When Parents Say “No” to Neighborhood SchoolsAugust 26, 2015
NJSBA Reports Status of N.J. School Districts’ Teacher Contract NegotiationsAugust 27, 2015
Speaking of school choice, some parents in New Jersey can bypass their neighborhood school by enrolling their children in one of the state’s public magnet schools. How good are these schools, which are run under the umbrella of county vocational-technical schools? So good that U.S. News and World Report just placed six of them on the list of N.J.’s top ten public high schools. And so good that six of N.J.’s magnets (five of the six named in U.S. News) made Newsweek’s list of America’s top ten high schools.
N.J.’s magnets are shining examples of public school choice that suffer none of the scorn heaped on another form of public school choice, charter schools. Mysterious, isn’t it? After all, magnets siphon dollars from local districts, along with contributions from the county and state. Vo-tech districts are immune from N.J.’s suffocating superintendent salary caps and, unlike charters, spend more public dollars per pupil than traditional schools. You’d think their practice of creaming off students from motivated families, a common complaint about charters, would inspire similar resentment. But it doesn’t, even though acceptance rates at these elite schools are about 15%, based on standardized tests, G.P.A.’s, references, and interviews.
But there is no resentment. New Jerseyans not only accept but cherish their public magnets. So does NJEA (perhaps because public magnet staff are unionized, unlike most charter school staff). Save Our Schools-NJ, indefatigable opponent of school choice, is silent on magnet schools.
So with no political obstacles, magnets are on safe ground. And we can make them even better by taking a cue from charter schools and striving to reflect the demographics of catchment areas.
Right now we don’t even come close.
Here’s two examples. The top N.J. high school on U.S. News’s list and the second best American high school on Newsweek’s list is High Technology High School, part of the Monmouth County Vo-Tech School District. According to its website, the school offers “a pre-engineering career academy that emphasizes the interconnections among mathematics, science, technology, and the humanities.” The site also claims that “its students “represent a cross-section of students from 45+ school districts in Monmouth County, generating a culturally diverse, as well as gender and racially balanced environment. “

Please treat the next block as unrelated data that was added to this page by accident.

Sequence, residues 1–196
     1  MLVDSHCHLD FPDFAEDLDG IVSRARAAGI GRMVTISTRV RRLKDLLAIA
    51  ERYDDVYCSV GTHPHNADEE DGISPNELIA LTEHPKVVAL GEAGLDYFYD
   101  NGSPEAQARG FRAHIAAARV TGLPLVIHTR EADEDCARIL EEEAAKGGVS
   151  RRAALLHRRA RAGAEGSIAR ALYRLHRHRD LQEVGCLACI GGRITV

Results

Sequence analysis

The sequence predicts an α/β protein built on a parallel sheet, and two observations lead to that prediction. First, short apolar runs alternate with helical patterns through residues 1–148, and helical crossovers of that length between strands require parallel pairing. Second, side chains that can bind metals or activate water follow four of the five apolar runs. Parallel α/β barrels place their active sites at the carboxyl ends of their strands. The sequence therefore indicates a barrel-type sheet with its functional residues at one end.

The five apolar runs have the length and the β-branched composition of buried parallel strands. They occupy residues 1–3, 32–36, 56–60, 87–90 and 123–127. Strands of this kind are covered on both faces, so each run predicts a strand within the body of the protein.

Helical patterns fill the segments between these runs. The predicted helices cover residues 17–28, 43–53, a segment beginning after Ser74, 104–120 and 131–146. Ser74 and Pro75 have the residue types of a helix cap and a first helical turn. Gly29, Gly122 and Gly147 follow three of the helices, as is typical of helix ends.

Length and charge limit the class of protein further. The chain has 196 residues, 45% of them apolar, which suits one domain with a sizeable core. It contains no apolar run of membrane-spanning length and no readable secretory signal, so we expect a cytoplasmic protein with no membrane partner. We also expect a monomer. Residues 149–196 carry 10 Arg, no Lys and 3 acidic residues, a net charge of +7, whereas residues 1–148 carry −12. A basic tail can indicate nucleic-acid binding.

Just how diverse? According to the N.J. Department of Education’s School Performance Report, 0% of students there qualify for special education services, 2.6% are economically-disadvantaged, and 0% are English Language Learners. African-American students comprise 1.6% of the total enrollment; Hispanic students comprise 3.2%.
Now, Monmouth County is mostly white and wealthy. Indeed, N.J.’s top magnets are in mostly white and wealthy counties. But in the high school closest to High Tech HS, Middletown North, 17.5% of students are economically-disadvantaged.
Next, let’s look at Bergen County Academies, where students have access to a Nano-Structural Imaging Lab, an scanning electron microscope, a transmissions electron microscope, and a laser scanning electron microscope. At this magnet, part of Bergen County Vo-Tech District, 1% of students have disabilities, 4.2% are economically-disadvantaged, and 0.4% are English Language Learners. One percent of students are African-American and 6.4% are Hispanic.
Hackensack High School is the closest high school to Bergen Academies. There, 29 percent of students are black, 22.9 percent are white, and 43.6 percent are Hispanic. Forty-two percent are economically-disadvantaged. Now, most of Bergen County is whiter and wealthier than that. But not as white and wealthy as the enrollment at Bergen Academies.
So here’s a challenge and an opportunity: let’s borrow a principle from our charter schools and create policies and/or legislation that mandate meaningful enrollment diversity at our wonderful magnet schools. Surely that’s a goal that both school choice advocates and detractors can support.